Asian Games

Too much to bear

PUBLISHED : Tuesday, 17 November, 2009, 12:00am
UPDATED : Tuesday, 17 November, 2009, 12:00am

There is a perceptible buzz in the air. I noticed it as I was weaving through shoppers at Telford Gardens mall in Kowloon Bay the other day. It was also apparent as I snaked around dinner-time crowds in Causeway Bay. I assumed it was because Hong Kong is just weeks away from hosting the region's most important sporting event, the East Asian Games. But, no, the excitement was not about so momentous an occasion, but the fact that Christmas decorations were being put up.

There were 'oohs' and 'aahs' at Telford Gardens: dozens of teddy bears, in male and female pairs, have been placed throughout the mall. They are cutely dressed in costumes representing the world's countries. I have no idea what bears have to do with Christmas, but they are certainly eye-catching.

That cannot be said of the fluffy mascots for the Games, Dony and Ami. I am not sure what variety or breed of creature they are meant to be. Nor do the fireworks logo and 'Be The Legend' slogan inspire me.

A lack of pleasing motifs and stirring words aside, though, I cannot fathom why people are crowding to look at bears, while paying scant attention to the sight of an athlete with a lit torch pounding the streets to promote a once-every-four-years event that may not come to our city again during our lifetimes.

The Games begin on December 5 and end eight days later. There are 262 events across 23 sports. Hong Kong hosted the equestrian events of the Beijing Olympics last year, but considerably more sports people will be drawn by next month's occasion. Never before has our city brought together so many athletes - there will be about 3,000 from nine countries or regions, excluding the thousands of locals who will participate in exhibition matches, mini-games and side competitions.

Herewith, a confession: I have not been gripped by East Asian Games fever. I wrote about the Games in February in response to official fears that residents would pay little heed to them. They are, after all, not a patch on their better-known big brother, the Asian Games. This column, in fact, was initially supposed to pertain to Rio de Janeiro's hosting of the Olympics in 2016 and the Fifa World Cup in South Africa next year - until it occurred to me that Hong Kong had a sporting event of its own looming.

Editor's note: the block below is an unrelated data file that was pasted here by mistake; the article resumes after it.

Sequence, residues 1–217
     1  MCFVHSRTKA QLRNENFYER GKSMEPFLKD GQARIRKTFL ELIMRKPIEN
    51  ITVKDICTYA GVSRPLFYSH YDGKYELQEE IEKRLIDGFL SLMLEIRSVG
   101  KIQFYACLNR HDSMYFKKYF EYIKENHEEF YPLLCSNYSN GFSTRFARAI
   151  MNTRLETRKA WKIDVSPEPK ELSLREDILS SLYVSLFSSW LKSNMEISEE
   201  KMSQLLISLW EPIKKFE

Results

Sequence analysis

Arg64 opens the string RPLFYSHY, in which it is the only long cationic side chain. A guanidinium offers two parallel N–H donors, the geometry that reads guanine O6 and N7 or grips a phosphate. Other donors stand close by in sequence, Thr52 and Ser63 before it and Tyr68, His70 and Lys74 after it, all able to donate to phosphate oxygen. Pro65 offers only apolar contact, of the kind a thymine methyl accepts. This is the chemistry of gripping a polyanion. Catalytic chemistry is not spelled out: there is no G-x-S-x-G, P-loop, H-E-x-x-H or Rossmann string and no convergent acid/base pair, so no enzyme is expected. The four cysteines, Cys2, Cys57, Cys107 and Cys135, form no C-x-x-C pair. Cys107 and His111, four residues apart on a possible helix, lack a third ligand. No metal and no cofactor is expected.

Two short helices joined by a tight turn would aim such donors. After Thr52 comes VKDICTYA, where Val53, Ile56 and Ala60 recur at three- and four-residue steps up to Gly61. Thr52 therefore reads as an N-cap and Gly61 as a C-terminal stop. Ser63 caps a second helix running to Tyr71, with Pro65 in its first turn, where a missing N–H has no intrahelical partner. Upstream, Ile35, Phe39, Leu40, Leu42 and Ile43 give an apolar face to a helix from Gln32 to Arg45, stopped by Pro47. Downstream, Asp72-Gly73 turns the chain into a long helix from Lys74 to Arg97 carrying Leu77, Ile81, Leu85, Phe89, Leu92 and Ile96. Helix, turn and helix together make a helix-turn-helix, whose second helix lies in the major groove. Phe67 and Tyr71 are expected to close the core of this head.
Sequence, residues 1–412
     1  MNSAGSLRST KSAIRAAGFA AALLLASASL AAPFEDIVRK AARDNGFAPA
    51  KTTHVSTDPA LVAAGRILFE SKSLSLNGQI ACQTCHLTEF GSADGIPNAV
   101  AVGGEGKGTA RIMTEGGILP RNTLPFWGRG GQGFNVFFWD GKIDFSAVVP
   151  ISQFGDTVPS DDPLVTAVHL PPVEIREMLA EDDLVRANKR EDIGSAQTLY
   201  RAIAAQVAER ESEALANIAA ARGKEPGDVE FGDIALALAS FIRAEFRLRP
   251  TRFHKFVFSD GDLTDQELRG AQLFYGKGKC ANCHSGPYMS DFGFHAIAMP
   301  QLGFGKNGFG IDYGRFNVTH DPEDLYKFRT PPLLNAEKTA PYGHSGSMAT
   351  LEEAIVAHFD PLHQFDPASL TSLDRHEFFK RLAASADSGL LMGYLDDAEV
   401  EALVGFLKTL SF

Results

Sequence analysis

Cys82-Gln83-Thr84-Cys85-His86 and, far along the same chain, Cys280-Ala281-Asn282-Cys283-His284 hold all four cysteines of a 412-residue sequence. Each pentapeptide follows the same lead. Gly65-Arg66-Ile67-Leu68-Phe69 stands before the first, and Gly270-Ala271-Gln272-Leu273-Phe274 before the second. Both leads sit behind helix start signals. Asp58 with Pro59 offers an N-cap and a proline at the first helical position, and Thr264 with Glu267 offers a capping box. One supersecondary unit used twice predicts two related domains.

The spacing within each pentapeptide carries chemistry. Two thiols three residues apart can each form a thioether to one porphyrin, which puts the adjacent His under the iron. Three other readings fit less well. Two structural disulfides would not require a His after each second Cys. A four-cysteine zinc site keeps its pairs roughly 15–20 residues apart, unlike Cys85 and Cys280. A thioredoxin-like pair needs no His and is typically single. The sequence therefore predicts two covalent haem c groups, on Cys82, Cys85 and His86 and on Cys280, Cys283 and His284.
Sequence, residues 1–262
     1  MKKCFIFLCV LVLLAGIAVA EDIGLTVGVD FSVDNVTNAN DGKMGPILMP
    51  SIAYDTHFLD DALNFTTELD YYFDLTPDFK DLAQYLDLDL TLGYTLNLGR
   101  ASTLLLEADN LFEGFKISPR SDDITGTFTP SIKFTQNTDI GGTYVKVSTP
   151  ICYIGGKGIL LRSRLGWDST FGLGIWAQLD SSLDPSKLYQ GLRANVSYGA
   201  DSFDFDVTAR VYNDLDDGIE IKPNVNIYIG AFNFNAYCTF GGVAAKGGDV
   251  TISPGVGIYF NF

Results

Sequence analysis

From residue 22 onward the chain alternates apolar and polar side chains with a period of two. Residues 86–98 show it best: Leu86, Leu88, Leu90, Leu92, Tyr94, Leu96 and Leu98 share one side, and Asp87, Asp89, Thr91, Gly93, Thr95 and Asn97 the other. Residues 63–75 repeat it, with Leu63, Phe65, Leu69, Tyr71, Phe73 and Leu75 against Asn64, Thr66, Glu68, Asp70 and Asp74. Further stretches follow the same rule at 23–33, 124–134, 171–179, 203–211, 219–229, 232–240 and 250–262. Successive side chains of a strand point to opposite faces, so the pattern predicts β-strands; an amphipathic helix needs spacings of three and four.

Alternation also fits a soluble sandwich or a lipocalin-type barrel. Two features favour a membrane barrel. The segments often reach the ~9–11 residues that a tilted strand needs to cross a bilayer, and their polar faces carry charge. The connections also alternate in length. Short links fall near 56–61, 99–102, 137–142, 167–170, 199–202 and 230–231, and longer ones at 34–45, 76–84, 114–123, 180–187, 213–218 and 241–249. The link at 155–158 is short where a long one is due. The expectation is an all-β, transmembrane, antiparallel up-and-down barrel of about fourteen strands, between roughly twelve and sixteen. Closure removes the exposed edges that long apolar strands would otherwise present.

There is concern in Brazil and South Africa that their countries are ill-prepared to host their respective events. A nationwide power failure in Brazil last week focused international attention on the nation's infrastructure shortcomings. The killing by South African police of a three-year-old boy has gained notoriety. Law-enforcement officers, given shoot-to-kill orders by a government worried that it will not be able to bring rampant violent crime under control in time for the World Cup in June, wrongly believed the child had been carrying a dangerous weapon as he sat in the back of a car.

Major sporting and cultural events give governments reason to fast-track projects. Generally, they comprise urban transformations in the host city which, if properly carried out, can lead to regional development. This was the case with the Seoul summer Olympics in 1988; an enlarged international airport, three subway lines and 47 extensions of bus routes expanded the city, and the global attention spurred South Korean industrial and technological development. The nation emerged on the global stage from years of dictatorship with a bright, new image.

The East Asian Games are insignificant next to the Olympics and World Cup. They could, nonetheless, have been used by the government to promote sport and fitness. World-class sporting facilities could have been built. Instead, poor planning and promotion has led to widespread disinterest and ignorance.

To say a golden opportunity has been missed is an understatement. With 18 days before the opening ceremony, now is too late to spread Games fever. There can be no more sad indictment than the talk of the town being about Christmas light shows and teddy bears rather than sports and athletes.

Peter Kammerer is a senior writer at the Post